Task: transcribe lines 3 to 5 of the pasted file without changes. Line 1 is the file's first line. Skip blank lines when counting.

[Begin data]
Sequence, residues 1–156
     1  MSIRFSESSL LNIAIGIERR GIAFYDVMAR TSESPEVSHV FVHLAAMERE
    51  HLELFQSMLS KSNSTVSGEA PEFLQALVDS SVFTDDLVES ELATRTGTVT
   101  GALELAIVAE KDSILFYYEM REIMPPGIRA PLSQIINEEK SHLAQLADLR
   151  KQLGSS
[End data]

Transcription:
    51  HLELFQSMLS KSNSTVSGEA PEFLQALVDS SVFTDDLVES ELATRTGTVT
   101  GALELAIVAE KDSILFYYEM REIMPPGIRA PLSQIINEEK SHLAQLADLR
   151  KQLGSS